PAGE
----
The role of oxytocin in modulating interpersonal space: A pharmacological fMRI study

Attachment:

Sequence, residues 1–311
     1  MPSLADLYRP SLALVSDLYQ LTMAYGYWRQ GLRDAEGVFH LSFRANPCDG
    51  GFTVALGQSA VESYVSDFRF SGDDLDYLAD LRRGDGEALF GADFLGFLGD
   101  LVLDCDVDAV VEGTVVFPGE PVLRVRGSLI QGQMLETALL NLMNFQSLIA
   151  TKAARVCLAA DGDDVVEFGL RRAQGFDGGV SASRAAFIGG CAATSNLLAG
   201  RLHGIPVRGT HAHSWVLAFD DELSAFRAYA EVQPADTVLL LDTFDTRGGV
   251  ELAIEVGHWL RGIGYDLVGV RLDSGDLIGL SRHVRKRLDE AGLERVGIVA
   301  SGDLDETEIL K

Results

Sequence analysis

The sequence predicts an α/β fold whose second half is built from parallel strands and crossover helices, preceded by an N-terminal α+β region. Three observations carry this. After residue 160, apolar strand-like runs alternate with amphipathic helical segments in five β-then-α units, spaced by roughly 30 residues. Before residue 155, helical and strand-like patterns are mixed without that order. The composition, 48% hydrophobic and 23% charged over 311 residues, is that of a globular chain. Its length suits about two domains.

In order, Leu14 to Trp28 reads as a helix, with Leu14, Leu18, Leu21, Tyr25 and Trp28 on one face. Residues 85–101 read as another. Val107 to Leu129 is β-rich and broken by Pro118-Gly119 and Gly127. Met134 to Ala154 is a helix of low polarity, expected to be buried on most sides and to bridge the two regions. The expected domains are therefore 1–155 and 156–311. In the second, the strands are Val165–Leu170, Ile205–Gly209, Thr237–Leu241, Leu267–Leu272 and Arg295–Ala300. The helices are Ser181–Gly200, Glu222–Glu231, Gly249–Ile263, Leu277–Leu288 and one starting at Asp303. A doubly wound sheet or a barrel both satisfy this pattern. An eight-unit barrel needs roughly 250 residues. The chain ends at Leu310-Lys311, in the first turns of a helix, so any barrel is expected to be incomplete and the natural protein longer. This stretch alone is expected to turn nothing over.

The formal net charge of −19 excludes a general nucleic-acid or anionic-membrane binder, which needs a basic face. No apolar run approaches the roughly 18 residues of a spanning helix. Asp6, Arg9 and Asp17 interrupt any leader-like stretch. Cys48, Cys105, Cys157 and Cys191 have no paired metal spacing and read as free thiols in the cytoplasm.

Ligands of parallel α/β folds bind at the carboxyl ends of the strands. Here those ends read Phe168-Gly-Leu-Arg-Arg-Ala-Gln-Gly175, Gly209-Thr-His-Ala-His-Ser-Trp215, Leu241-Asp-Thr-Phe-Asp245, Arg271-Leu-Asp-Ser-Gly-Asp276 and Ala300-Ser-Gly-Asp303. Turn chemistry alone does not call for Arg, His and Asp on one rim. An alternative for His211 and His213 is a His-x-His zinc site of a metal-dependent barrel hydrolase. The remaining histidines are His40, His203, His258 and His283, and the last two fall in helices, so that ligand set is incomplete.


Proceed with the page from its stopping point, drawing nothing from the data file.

Interpersonal space is a nonverbal indicator of affiliation and closeness. In this study we investigated the effects of oxytocin (OT), a neuropeptide known for its social role in humans, on interpersonal space. In a double blind placebo controlled study we measured the effect of intranasal OT on the personal distance preferences of different familiar (friend) and unfamiliar (stranger) protagonists. Behavioral results showed that participants preferred to be closer to a friend than to a stranger. Intranasal OT was associated with an overall distancing effect, but this effect was significant for the stranger and not for the friend. The imaging results showed interactions between treatment (OT, placebo) and protagonist (friend, stranger) in regions that mediate social behavior including the dorsomedial prefrontal cortex (dmPFC), a region associated with the mentalizing system. Specifically, OT increased activity in the dmPFC when a friend approached the participants but not when a stranger approached. The results indicate that the effect of OT on interpersonal space greatly depends on the participant's relationship with the protagonist. This supports the social salience theory, according to which OT increases the salience of social cues depending on the context.
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